Canadian Mining Journal


INAC split is a big step toward better services and establishing self-government

In late August, Prime Minister Justin Trudeau announced a significant cabinet shuffle that will see Indigenous and Northern Affairs Canada (INAC) split into two departments. Former Health Minister Jane Philpott becomes Minister of Indigenous Services while former INAC Minister Carolyn Bennett becomes Minister of Crown-Indigenous Relations and Northern Affairs. I recognize this move by the Trudeau government as strategic and workable, as we have many ongoing priorities that must be transitioned in a responsible manner. Ministers Philpott and Bennett have my full support in these critical months ahead leading into the next federal mandate.

I acknowledge Minister Philpott’s strong humanitarian values and the close working relationship that I had with her on the national health file for the last two years. I look forward to continuing that relationship in her new role. The work of Minister Bennett over the past two years has greatly renewed the relationship between Canada and First Nations while setting the path forward for true Reconciliation. I acknowledge and thank Dr. Bennett for her contributions and ongoing efforts for Ontario First Nations.

However, both ministers have allowed the bureaucracy to drag their heels on complying with the Canadian Human Rights Tribunal ruling to provide equal funding to First Nation children in need of medical care. This is a shameful situation that would not be tolerated by First Nation leadership and mainstream Canadians. At the same time, our chiefs have seen little or no improvement with respect to the delivery services and response to critical needs.

Since last year, I have spoken at a number of governance events with both federal and provincial bureaucrats. Here is an excerpt from one of those speeches:

Rebuilding and repairing the nation-to-nation relationship is not simply a matter of clawing our way to the top of federal and provincial budget cycles, year in and year out.

Drastic changes must be made in the current relationship, beginning with making the current bureaucracy responsible and responsive to our needs. We can no longer be treated like second- or third-class citizens.

We will no longer tolerate the adversarial approach that still seems to dominate the bureaucratic mindset.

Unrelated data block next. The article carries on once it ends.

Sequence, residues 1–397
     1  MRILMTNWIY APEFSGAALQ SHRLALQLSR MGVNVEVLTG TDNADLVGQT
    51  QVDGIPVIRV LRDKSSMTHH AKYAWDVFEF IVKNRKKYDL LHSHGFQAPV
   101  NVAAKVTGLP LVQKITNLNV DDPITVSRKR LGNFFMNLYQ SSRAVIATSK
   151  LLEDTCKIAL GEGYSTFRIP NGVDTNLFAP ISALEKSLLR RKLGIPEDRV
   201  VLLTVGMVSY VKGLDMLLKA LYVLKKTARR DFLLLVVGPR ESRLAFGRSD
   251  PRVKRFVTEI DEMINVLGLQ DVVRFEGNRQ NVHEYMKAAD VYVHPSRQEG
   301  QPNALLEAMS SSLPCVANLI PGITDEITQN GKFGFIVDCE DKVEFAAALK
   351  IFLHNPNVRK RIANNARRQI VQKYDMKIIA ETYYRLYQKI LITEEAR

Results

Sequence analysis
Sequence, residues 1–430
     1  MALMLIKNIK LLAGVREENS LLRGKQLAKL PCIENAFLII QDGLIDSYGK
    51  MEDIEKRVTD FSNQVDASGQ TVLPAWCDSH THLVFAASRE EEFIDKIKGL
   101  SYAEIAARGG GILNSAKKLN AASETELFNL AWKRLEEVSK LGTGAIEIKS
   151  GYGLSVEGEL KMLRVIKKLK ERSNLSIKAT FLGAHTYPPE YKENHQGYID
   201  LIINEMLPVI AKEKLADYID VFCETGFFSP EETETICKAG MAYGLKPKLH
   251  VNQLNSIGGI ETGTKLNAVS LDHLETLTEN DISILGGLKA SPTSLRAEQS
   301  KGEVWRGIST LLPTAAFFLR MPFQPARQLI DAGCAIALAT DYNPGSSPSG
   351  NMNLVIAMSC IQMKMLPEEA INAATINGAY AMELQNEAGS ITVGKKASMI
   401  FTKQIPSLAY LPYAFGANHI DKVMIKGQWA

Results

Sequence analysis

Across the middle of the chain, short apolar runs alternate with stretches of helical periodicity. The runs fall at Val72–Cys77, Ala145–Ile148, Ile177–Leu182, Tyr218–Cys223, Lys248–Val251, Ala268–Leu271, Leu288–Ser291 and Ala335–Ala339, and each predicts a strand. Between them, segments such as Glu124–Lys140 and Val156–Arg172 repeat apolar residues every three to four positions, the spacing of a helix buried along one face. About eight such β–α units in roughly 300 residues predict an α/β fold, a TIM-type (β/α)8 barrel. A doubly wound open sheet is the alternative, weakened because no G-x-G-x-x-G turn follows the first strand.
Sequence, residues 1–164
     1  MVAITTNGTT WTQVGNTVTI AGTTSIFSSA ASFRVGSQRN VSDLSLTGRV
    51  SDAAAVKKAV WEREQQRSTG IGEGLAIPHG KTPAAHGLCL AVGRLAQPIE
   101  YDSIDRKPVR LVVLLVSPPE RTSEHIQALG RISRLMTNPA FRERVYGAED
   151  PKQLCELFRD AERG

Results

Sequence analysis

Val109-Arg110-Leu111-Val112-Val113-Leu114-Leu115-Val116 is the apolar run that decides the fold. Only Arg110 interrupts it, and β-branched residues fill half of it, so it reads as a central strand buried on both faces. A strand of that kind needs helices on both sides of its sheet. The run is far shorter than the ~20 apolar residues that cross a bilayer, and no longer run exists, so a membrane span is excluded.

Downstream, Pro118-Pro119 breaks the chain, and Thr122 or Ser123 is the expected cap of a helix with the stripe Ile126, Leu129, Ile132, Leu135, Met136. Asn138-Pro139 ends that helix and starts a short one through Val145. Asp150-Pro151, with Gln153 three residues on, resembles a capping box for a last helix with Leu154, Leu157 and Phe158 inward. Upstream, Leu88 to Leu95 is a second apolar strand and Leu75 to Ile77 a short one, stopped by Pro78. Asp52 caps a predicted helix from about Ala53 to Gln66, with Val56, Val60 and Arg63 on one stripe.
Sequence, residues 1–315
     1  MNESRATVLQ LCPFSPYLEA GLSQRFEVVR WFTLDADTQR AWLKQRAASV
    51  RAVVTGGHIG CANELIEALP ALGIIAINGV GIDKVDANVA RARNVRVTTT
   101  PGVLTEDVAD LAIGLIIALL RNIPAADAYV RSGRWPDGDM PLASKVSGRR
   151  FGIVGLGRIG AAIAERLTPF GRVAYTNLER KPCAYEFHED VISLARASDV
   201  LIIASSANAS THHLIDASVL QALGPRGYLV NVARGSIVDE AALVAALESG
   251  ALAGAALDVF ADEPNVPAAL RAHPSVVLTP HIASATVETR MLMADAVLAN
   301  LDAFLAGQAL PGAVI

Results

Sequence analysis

We must finally become equal partners in this 150-year-old confederation that began with four provinces in 1867. We must finally restore the Treaty relationship when we were treated as equals with the newcomers 250 years ago.

A significant step towards restarting the relationship begins with breaking the cycle of poverty by establishing long-term sustainable funding. It begins with breaking the cycle of dependence by moving toward self-government and self-sustaining economies. Today, we are still in the process of internally rebuilding our organizations – whether it be the Assembly of First Nations; the Chiefs of Ontario; Nishnawbe Aski Nation; the Association of Iroquois and Allied Indians; and so on, right across the country.

Once we are able to effectively engage both the federal and provincial governments, renewal of the nation-to-nation relationship will progress at a rapid pace over the coming months and years. I remain confident that this current federal government is committed to following through on its mandate with Indigenous Peoples. But we need the bureaucracy to act at the speed of 21st century “deliver-ology” – not at the pace of 19th century colonialism.

I believe this cabinet shuffle is not only a sign that the federal government is serious on following through with its mandate to improve the relationship with Indigenous Peoples.

It is a significant step towards what we all want – happy, healthy self-sustaining and self-governing communities. Now we must work together to make this happen for the sake of our children.

ISADORE DAY, Wiindawtegowinini, is Assembly of First Nations Ontario Regional Chief.


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